Python Earth Data Why don’t you stop being such a douche?

Why don’t you stop being such a douche?

A photo of an aspiring model wearing a “fiery red dress” has gone viral, prompting her to call out the “sexist, racist and misogynistic” comments she received on social media.

The image has since been shared more than 2,400 times.

“I want to make a statement to all the people who think it’s okay to tell me how to dress,” she said in the video, titled “I Am Sexy.”

“I don’t wear a dress because I’m hot.

I don’t have to.

I’m sexy because I am me.”

The aspiring model is now sharing her experience on social platforms.

“It’s the same thing every single day,” she told CNN affiliate WBBH-TV in an interview that aired Thursday.

“When I walk down the street, people will ask me what my favorite colors are.

” The model, whose real name is Natalie Soto, said she started wearing the dress at the age of 14 because it’s a way to show her support for the LGBT community. “

“That’s when I realized I could do this, that I could make my own way,” she wrote in the post. “

“If I was going to go back to school and go to college, I needed to do something else. “

That’s when I realized I could do this, that I could make my own way,” she wrote in the post.

“If I was going to go back to school and go to college, I needed to do something else.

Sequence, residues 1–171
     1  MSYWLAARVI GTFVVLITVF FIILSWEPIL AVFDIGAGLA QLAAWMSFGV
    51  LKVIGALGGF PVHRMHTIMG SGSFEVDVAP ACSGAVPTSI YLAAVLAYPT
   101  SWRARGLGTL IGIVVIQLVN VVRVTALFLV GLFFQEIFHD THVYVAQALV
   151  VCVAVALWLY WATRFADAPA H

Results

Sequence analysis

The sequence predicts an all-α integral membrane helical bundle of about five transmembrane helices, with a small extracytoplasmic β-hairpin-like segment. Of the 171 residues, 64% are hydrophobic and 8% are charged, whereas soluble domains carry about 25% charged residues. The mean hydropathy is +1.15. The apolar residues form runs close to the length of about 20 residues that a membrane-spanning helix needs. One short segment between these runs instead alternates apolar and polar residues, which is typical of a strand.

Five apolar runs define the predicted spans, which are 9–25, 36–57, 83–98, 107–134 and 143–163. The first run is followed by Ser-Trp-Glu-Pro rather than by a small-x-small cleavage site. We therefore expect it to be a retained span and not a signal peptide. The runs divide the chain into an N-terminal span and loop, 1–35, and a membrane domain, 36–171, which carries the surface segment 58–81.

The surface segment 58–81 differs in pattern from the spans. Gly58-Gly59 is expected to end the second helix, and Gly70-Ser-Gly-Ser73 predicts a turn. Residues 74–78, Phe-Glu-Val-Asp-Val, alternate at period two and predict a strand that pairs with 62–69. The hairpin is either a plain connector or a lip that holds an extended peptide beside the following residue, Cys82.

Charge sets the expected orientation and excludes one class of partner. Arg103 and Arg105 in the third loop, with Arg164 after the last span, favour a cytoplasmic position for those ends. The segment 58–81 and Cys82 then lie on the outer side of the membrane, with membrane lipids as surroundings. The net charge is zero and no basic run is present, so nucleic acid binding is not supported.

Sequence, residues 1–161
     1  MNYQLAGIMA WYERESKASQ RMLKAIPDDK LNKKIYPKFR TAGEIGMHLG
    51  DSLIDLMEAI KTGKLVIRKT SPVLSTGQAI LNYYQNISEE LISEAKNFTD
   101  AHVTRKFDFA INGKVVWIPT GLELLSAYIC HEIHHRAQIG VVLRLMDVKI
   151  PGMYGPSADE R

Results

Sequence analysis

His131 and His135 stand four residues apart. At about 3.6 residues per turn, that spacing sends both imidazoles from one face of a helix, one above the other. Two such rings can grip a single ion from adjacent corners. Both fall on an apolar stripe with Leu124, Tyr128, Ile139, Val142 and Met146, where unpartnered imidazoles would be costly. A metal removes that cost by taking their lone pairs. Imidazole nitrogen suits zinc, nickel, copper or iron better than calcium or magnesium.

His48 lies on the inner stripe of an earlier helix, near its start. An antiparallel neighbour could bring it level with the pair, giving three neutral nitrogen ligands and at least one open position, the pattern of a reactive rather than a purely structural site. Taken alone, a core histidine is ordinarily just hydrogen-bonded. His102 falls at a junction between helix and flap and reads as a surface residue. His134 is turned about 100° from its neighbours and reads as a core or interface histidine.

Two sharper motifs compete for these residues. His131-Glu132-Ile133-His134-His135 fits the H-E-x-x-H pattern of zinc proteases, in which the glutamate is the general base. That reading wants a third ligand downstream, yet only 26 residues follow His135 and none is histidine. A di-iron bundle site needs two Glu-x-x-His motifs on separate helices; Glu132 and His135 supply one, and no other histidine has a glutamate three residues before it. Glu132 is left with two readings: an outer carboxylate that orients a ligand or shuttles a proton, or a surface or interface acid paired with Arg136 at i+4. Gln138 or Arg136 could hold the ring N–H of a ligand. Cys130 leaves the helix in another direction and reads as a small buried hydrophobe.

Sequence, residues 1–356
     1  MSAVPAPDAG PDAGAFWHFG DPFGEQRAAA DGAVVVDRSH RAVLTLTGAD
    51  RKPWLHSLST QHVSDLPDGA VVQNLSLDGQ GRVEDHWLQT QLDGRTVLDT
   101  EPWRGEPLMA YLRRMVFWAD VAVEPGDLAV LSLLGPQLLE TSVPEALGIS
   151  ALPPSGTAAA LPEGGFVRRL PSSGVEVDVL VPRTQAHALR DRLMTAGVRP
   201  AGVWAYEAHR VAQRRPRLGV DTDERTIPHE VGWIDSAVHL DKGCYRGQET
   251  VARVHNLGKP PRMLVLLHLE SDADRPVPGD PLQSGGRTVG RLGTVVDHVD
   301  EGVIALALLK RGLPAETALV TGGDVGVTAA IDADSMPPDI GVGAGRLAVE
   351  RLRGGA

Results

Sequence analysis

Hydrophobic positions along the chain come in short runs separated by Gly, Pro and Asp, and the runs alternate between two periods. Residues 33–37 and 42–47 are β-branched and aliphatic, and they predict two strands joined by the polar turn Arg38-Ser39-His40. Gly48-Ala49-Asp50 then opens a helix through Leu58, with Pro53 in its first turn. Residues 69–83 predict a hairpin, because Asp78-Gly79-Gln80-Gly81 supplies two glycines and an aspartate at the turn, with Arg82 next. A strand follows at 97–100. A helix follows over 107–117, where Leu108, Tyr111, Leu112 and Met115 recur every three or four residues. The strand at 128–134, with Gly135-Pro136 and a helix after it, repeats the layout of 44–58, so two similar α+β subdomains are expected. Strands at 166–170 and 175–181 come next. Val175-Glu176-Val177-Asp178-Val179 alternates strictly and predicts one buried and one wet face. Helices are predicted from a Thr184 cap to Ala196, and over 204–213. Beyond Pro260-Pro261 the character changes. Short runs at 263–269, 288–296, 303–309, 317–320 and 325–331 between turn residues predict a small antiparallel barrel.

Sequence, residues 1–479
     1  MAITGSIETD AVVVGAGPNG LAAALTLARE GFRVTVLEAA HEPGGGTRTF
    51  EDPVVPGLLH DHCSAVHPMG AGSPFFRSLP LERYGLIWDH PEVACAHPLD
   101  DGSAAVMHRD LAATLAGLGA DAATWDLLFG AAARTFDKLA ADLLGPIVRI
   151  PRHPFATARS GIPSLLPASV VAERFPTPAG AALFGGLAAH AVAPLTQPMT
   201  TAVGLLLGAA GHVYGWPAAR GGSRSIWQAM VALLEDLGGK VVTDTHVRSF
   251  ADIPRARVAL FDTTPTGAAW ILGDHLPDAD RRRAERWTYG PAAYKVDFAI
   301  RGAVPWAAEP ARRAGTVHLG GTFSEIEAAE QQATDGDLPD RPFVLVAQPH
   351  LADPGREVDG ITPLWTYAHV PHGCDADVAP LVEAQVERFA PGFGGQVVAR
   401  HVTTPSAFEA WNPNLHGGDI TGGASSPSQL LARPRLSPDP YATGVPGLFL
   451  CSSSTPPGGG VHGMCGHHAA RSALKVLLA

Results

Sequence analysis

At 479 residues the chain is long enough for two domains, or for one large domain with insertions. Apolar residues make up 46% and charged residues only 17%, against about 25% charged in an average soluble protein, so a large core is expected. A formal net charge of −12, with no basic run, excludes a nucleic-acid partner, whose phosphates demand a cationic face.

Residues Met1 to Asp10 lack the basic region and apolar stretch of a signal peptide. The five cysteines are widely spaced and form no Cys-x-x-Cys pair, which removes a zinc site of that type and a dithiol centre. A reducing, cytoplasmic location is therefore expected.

I needed a job.”

She also added, “I am so excited to be here.”

She says she doesn’t think the dress has caused any problems for the people in her life.

“This dress is not a big deal for me,” she added.

“The dress is just something that I have always been comfortable with and it doesn’t make me feel unsafe, because I feel safe.”

The post has also gone viral on Twitter.

One user, @jennifermack, wrote: “When you wear a sexy dress you get called a slut, a bitch, a slutty bitch, slutty whore, whore, a whore.

And when you get to the end of your runway runway, you are a whore too.”

Another user, “@lindsey_gottfrieds, wrote, “People are trying to make me a slut.

I am not a slut.

Why is that? “

Sometimes people are like, ‘Why do you wear it?

Why is that?

Why do you want to dress like that?'” she said.

“But I do not want people to think that I’m going to make you feel bad because I don [wear] this dress.

I just want to have a normal life and not feel like an outcast.”

“And that’s when you are like I don´t need to be ashamed of myself.

I have a choice,” she concluded.